Watch This Amphibious Robot Squid Wiggle Across Land, Ice, and Water

Say hello to Velox, a mollusk-shaped robot that can walk, swim, and ice skate. Pliant Energy Systems (PES), the engineering company that created this amphibious bot, took inspiration from across the animal kingdom to make Velox “swim like a ray, crawl like a millipede, jet like a squid, and slide like a snake.” The result is the extremely versatile, squiggly — and fast! — robot seen in the video above.

Before the December 1st announcement, Velox had only been demonstrated using its two sets of fins to swim. This latest round of upgrades opens up the possibility for a variety of use-cases including water and ice rescues, amphibious resupply missions, stealthy animal observation in any terrain. Its technology could even be used to create a safer alternative to boat propellers in environmentally-sensitive areas like coral reefs. By adopting a blueprint from mother nature, PES was able to create an adaptable robot that doesn’t completely disturb the environment it operates in.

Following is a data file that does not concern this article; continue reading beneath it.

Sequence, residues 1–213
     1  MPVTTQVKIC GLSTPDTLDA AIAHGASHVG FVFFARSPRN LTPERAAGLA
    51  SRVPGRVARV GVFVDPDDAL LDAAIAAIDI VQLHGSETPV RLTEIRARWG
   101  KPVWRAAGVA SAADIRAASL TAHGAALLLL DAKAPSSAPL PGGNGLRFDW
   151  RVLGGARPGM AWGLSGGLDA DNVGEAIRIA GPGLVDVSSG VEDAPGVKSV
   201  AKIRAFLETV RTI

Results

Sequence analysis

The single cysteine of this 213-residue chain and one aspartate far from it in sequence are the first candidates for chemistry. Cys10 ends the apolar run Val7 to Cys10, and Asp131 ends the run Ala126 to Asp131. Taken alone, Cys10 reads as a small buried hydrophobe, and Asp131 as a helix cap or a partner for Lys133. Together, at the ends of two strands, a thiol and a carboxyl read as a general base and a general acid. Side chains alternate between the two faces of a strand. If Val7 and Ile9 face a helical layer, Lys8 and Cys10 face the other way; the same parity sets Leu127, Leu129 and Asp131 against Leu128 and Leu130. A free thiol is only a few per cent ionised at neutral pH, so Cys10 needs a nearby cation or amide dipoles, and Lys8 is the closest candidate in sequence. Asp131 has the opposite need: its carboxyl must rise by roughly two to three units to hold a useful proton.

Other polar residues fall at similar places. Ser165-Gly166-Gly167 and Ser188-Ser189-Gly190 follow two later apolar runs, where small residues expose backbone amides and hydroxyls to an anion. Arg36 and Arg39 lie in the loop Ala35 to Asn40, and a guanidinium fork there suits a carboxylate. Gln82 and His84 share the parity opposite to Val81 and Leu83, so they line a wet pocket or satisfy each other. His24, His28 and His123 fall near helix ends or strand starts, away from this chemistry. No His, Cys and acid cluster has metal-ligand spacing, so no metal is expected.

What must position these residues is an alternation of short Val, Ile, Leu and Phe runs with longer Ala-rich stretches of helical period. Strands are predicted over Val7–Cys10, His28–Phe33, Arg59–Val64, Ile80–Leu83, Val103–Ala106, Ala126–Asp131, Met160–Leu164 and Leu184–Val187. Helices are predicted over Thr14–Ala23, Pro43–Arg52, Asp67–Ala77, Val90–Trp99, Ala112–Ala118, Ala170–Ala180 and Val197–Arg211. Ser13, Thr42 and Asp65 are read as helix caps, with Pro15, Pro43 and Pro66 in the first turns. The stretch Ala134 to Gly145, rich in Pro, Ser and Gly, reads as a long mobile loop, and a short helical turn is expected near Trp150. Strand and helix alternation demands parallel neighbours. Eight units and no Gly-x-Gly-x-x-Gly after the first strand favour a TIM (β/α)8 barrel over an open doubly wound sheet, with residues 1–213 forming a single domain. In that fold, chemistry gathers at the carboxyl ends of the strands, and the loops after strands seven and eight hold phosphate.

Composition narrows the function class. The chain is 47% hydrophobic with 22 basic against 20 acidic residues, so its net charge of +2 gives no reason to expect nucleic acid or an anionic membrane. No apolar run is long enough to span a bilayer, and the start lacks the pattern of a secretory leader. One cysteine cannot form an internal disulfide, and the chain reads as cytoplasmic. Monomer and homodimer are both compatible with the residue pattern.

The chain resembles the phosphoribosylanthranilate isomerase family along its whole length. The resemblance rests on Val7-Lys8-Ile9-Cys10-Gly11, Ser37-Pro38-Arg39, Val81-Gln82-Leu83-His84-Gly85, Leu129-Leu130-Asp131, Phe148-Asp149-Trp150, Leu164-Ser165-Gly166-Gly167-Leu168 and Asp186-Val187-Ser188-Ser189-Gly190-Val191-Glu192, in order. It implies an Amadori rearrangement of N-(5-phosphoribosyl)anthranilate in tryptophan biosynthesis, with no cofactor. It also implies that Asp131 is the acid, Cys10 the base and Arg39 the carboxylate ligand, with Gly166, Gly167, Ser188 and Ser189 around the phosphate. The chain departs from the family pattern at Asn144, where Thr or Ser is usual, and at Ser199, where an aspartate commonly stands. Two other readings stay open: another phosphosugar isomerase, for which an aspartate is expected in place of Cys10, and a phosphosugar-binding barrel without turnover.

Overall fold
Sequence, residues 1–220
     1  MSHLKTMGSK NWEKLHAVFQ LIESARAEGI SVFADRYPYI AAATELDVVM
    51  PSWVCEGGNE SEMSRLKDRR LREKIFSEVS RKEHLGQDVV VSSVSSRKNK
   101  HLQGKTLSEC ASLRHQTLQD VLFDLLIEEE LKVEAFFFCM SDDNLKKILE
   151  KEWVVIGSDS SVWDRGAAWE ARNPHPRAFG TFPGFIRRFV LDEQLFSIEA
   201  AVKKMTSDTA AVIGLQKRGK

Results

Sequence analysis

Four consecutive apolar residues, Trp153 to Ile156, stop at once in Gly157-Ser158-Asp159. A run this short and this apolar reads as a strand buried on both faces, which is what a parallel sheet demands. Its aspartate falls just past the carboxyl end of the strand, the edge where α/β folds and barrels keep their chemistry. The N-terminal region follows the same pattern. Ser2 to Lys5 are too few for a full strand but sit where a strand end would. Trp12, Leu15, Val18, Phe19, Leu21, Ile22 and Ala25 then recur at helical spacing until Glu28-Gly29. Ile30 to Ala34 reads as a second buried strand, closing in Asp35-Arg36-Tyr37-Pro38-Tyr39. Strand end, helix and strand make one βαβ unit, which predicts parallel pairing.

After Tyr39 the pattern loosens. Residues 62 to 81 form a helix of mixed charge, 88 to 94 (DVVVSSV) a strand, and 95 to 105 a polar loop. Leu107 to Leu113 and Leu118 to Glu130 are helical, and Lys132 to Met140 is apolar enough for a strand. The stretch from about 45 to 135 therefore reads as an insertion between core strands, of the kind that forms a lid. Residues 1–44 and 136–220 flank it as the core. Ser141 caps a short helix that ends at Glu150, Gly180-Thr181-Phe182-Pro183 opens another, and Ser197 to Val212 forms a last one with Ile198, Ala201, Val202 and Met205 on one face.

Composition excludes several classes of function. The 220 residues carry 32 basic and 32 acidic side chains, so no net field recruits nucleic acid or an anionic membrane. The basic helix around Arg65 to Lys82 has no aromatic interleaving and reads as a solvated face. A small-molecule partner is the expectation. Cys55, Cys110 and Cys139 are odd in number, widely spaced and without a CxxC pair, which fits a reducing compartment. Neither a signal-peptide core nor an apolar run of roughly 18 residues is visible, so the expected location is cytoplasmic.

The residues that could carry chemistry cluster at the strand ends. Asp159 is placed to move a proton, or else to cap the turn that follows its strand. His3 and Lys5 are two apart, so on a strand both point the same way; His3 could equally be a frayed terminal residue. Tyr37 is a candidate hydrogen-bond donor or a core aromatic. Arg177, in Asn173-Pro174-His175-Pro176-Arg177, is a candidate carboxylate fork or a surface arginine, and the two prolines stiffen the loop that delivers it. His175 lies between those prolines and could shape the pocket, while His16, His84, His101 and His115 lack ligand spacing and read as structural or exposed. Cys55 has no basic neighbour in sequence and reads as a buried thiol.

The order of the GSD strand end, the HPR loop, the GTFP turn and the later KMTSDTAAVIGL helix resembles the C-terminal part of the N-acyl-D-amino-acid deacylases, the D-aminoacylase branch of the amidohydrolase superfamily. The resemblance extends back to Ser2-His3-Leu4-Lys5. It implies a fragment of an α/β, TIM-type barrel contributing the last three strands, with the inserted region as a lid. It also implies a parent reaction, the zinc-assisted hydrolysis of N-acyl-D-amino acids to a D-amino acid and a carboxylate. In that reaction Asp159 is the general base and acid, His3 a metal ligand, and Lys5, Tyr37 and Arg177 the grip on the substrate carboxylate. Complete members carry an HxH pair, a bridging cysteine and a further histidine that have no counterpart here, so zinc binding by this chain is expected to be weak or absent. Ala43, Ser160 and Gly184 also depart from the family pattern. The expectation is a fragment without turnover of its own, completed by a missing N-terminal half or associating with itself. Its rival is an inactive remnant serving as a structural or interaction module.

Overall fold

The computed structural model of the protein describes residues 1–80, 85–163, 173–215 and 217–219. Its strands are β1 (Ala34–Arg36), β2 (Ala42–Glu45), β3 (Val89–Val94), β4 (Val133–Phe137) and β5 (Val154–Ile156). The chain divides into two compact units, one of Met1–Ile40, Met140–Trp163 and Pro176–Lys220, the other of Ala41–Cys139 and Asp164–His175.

1. Velox deploys away from shore and navigates autonomously below surface or via acoustic modem link to surface craft. 2. Velox swims at or just below surface. Live video feed and/or data to surface craft, aerial drone or satellite for real-time control. 3. Velox transitions seamlessly to land-phase of mission. Live video feed and/or data to surface craft, aerial drone or satellite for real-time control.

Pliant Energy Systems

Read More: Bats, Cockroaches, and Other Critters Are Teaching Robots How to Save Lives

Velox is flanked by two wavy, flexible fins that are powered by eight actuators (the technical term for ‘things that make robots move.’). When it’s in water the underlying mechanisms enable the fins to gently flow with the current, allowing it to quickly and accurately maneuver itself. On land, the appendages stiffen, letting Velox prop itself up when it’s skating on ice or cut through fresh powder. An onboard CPU determines how to manage power distribution depending on its environment.

While Velox has undergone major updates since its 2017 debut, PES is still treating the machine as a proof-of-concept product. New Atlas reports that CEO Pietro Filardo admits that the robot’s design shows great potential but isn’t quite ready for deployment.

With a few tweaks Velox could soon ferry supplies to remote islands or communities or assist scientists with unobtrusive research of endangered species.

Even further down the line, robots like this could prove to be the lifesaver of the future.

Related Tags